Korean contemporary artist Koo Jeong A is recognised for her poetic paintings, sculptures and site-specific architectural projects that examine notions of space and transformation.Read More
Since the 1990s, Koo has primarily engaged with quotidian objects and spaces to interrogate moments of transformation, in particular between the visible and invisible, familiar and strange or ambivalent material states. In addition to the more conventional mediums of painting, drawing, photography and sculpture, Koo has also worked with new digital technologies such as 3D animation and augmented reality.
Recurring throughout Koo's practice is the term 'Ousss', a conceptual space that provides the starting point for many of her works, without having a distinct form or definition. Ousss is not intended to be a legible or graspable concept and has manifested in various states. It is a four-letter word in the colour photograph Ouss (2001), seemingly written in contrails against the blue sky or the suffix in the 3D animation MYSTERIOUSSS (2017), whose child-like protagonist explores a dark, ambiguous space.
Among Koo's iconic works are her glow-in-the-dark skate parks, first installed in 2012 as the culmination of a four-year project at Vassivière Island, France. Named OTRO, the 2,300 square foot concrete sculpture-park consists of tunnels and curves dug into the ground, forming a hypnotic, immersive environment at night.
Koo's skate parks have since been installed at multiple locations across the world, including Liverpool and São Paulo in 2016, and in Seoul as part of her solo exhibition 2020 at PKM Gallery. Also included in 2020 was 'Seven Stars' (2020), a series of canvases painted with acrylic paint and phosphorescent pigment. In the dark, the stars glowed in layers of green light, oscillating between two- and three-dimensional images reminiscent of outer space.
Koo's ongoing interest in the potential of magnets as a sculptural medium derives from her research into the work of Cedric Price, whose 1997 architectural project 'Magnet' proposed ten short-life structures for the urban city. Using pre-cut, mass-produced magnet pieces, Koo creates small- or large-scale sculptures with a predetermined number for each work.
In her solo exhibition Magnet Cities at London's Pilar Corrias in 2018, eight ring magnets compose the work 13/2018, while a large slab of 578 pieces make up 2/2018 (both 2018). At PKM Gallery in 2020, the numbers referred to historic events. The 518 ceramic pieces taking over two adjacent walls in 518 (2020), for example, allude to the May 18 Gwangju Uprising in Korea, while the 911 magnets neatly arranged into a square – save for the eleven on one side – in 911 (2020) recall the September 11 terror attacks. Consisting of small units, Koo's magnet sculptures can be reconfigured into different arrangements, perhaps suggesting the fluidity of interpreting history.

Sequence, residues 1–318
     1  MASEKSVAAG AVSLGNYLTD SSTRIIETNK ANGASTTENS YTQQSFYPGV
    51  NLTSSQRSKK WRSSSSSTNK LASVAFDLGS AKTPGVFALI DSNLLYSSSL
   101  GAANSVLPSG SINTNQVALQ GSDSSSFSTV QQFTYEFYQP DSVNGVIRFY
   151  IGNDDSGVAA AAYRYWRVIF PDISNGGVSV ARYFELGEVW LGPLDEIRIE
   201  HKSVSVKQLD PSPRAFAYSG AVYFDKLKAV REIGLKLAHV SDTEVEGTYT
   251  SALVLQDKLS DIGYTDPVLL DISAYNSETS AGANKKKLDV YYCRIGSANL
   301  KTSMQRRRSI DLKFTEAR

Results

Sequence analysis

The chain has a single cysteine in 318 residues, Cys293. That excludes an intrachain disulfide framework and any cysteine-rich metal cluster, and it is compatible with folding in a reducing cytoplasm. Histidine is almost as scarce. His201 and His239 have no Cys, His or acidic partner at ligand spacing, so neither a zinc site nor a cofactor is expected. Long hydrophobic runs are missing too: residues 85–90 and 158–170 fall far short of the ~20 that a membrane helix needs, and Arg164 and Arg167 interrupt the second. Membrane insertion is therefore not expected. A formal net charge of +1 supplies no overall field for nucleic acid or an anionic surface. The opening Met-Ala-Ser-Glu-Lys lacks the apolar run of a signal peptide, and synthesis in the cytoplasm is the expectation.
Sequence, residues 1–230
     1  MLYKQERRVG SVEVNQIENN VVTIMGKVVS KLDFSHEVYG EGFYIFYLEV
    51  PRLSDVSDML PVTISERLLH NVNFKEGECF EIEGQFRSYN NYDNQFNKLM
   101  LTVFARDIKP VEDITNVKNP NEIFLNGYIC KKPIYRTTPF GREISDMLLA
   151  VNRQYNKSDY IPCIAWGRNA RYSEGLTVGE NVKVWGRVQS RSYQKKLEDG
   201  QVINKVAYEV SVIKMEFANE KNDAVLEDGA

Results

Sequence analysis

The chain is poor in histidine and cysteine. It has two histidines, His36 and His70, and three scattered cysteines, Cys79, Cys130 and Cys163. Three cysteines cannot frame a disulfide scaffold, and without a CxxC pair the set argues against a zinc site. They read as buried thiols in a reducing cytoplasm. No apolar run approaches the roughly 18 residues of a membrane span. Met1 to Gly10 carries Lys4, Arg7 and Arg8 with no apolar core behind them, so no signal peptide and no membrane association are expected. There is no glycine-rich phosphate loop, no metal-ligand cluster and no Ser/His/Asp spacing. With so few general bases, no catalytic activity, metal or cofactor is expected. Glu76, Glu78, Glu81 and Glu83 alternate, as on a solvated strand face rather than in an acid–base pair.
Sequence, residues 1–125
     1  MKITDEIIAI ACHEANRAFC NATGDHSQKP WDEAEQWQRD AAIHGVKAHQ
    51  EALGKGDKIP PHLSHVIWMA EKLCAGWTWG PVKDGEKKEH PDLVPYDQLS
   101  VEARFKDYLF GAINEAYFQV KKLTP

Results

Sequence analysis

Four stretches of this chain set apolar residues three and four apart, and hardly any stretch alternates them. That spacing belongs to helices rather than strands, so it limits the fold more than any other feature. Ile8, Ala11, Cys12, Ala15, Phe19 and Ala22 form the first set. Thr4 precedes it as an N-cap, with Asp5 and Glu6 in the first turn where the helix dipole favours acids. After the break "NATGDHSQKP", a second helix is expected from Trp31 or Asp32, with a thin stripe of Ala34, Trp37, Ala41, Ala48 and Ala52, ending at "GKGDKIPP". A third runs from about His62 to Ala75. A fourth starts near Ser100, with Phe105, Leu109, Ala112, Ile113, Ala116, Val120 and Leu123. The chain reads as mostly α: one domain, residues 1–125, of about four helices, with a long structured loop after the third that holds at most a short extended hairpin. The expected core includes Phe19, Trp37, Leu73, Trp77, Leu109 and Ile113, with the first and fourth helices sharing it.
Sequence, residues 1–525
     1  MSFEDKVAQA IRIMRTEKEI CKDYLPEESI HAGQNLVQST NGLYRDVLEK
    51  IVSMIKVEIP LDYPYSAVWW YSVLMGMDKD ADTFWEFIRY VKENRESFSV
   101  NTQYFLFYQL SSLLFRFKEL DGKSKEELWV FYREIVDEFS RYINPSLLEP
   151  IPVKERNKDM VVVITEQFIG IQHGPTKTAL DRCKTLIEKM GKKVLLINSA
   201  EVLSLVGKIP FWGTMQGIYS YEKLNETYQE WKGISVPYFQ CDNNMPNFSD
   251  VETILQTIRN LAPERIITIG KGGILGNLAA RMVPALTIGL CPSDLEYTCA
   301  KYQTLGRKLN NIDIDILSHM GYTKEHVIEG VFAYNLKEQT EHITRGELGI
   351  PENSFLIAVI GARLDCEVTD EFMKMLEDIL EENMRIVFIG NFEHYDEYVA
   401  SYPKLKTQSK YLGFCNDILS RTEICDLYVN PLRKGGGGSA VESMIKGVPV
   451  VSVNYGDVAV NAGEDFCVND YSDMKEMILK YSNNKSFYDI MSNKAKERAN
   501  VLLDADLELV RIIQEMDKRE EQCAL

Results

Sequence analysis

Venturing into new technology, Koo presented her first augmented reality work in 2019, showing Prerequisites 7 at the 58th Venice Biennale. The work comprised an activation of her pen drawings from Nomos Alpha (2018), an artist's book that humorously captures everyday life.
Koo's work density (2019) followed at London's Frieze Sculpture 2019, featuring a translucent ice cube that slowly turns in the air. Travelling to other locations, including the Fondation Beyeler, Somerset House and the Julia Stoschek Collection, density provided an alternative to the traditional mode of exhibiting physical artworks during a pandemic.
The eagle is the central motif of [ Yong Dong ], Koo's solo exhibition at Pilar Corrias in 2022 that draws its yellow-and-red colour scheme from traditional Korean amulets. Combining the form of amulets and the eagle, a bird Koo associates with freedom and strength, paintings such as [ EF Gravissimousss ] and [ EF__[Inonotousss ]]11 (2022) depict three-headed birds – another auspicious symbol in Korea – on a rocky landscape, each head surveying different directions, as if providing protection in the midst of a global pandemic.
Koo Jeong A has exhibited internationally in solo and group presentations.
Solo exhibitions include: [ Yong Dong ], Pilar Corrias, London (2022); Koo Jeong A, Galerie Eva Presenhuber, New York (2020); Koo Jeong A, KÖNIG GALERIE, Berlin (2018–2019); ajeongkoo, Art Sonje Center, Seoul (2017).
Group exhibitions include: Arcimboldo Face to Face, Centre Pompidou-Metz, France (2021); Eternal Now, PKM Gallery, Seoul (2020); The World According to, Pace Gallery, New York (2019); Mondialite, Boghossian Foundation Villa Empain, Brussels (2017); The Sound of Things, National Museum of Modern and Contemporary Art, Gwacheon (2015).
Sherry Paik | Ocula | 2022